Wuthering Heights

"The genius of Mrs. Edna Clarke Hall comes in for discussion, for her illustrations of " Wuthering Heights " are indeed touched with genius, and we wonder why, among the mass of illustrated reprints of the English classics which come into the market, no one has availed them-selves of her art" wrote the The Studio in a review of The Slade Record in 1908. It asks a common question.

There are two important aspects to the answer. Firstly Edna's prodigious output of her Wuthering Heights designs was not motivated by commission or ambition but an unstoppable emotional response to a dramatic theme that she felt part of. This went far beyond any normal amount of preparatory work by an artist for an illustrated edition of a classic novel. Edna actually becomes Cathy in many of her drawings and she indicates why in her autobiography.

Secondly, although Edna was a brilliant and thoroughly trained draughtswoman, her life only allowed her to be a semi-professional artist. She exhibited and published her work only as and when she was able (and persuaded to) subject to her domestic committments and marital inhibition (her 'Cathy' subject to her husband's 'Heathcliff').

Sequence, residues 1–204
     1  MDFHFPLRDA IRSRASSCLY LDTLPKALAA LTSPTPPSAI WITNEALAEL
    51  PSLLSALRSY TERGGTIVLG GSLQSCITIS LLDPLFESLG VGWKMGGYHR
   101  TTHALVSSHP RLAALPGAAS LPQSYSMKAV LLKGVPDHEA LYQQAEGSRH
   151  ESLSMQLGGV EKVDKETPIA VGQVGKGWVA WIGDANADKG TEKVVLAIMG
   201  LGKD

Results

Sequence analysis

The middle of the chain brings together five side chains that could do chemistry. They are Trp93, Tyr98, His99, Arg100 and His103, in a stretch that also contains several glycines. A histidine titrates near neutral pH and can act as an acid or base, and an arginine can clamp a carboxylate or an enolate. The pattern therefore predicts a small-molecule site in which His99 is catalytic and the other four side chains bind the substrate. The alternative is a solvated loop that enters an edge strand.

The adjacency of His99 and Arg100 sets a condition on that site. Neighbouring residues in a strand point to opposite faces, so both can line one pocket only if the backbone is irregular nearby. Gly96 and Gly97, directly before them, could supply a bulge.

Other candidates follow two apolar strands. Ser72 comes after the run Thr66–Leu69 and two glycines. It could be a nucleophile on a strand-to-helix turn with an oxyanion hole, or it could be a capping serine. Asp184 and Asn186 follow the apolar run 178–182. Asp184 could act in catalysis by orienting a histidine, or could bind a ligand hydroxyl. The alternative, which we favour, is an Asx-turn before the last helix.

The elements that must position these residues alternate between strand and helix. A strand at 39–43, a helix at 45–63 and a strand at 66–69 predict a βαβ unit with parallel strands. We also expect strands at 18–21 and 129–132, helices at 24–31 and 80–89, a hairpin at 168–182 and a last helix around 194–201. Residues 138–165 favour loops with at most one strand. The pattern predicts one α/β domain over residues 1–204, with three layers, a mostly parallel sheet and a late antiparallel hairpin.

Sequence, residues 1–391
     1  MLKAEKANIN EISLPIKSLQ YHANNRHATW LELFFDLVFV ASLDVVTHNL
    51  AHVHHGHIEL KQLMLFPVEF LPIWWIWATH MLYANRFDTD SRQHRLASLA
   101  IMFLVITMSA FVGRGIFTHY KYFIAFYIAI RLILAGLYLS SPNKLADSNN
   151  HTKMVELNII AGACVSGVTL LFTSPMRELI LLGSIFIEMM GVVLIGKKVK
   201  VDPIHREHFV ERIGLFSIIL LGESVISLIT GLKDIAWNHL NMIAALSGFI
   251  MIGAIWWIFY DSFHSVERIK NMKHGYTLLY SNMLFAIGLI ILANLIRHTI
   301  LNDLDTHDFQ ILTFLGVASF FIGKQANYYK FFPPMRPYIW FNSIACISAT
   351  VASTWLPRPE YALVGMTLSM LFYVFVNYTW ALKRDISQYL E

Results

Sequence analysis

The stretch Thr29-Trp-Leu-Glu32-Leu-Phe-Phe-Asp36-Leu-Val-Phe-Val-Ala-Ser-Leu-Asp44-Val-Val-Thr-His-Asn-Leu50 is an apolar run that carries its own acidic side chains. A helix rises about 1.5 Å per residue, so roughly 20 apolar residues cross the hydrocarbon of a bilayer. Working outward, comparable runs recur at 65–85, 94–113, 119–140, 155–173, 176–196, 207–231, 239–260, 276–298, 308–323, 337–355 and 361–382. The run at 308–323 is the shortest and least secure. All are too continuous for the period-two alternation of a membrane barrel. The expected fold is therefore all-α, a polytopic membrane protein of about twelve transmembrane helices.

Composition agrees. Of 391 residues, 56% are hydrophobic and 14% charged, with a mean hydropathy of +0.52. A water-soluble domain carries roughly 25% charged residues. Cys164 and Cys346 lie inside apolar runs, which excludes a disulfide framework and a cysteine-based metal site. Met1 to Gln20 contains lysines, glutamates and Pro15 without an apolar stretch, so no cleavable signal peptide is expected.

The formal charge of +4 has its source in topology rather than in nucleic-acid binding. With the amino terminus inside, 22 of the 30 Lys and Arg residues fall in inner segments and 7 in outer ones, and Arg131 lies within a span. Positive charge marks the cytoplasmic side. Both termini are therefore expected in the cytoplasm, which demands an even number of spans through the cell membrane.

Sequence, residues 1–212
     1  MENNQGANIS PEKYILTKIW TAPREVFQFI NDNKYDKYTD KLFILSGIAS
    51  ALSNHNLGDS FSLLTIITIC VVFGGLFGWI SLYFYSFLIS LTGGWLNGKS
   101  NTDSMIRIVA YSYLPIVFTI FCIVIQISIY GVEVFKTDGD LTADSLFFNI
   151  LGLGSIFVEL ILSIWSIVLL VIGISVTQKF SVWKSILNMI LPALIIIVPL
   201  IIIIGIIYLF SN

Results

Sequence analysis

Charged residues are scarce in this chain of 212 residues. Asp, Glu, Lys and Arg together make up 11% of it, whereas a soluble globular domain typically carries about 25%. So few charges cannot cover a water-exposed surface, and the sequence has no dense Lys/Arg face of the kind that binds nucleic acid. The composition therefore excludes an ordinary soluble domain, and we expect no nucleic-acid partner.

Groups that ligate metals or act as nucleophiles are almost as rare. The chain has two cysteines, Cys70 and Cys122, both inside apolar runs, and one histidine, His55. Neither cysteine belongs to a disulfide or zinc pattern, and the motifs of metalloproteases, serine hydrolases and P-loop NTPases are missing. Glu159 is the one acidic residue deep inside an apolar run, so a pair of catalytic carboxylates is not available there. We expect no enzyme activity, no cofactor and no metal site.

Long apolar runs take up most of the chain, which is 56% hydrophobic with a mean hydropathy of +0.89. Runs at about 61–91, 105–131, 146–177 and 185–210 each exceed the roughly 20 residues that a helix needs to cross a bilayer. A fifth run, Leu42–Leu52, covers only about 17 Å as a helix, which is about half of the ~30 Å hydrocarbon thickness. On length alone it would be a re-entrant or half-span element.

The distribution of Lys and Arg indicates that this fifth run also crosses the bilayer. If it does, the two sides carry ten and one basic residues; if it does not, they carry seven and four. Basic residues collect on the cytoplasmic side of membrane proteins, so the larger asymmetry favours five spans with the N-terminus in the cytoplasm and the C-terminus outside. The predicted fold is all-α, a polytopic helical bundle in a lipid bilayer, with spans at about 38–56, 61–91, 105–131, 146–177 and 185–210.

The first substantial study to explore Edna's obsessional response to Emily Bronte's great novel is "Edna Clarke Hall and Wuthering Heights", by Max Browne, published in The British Art Journal, vol. XVI, 2, Autumn 2015.

[On application to this website by email a b&w photocopy pdf (3Mb) of the article is available for study/reference purposes]

"Edna Clarke Hall's model for Catherine Earnshaw"

Return to Edna's Work

Return to homepage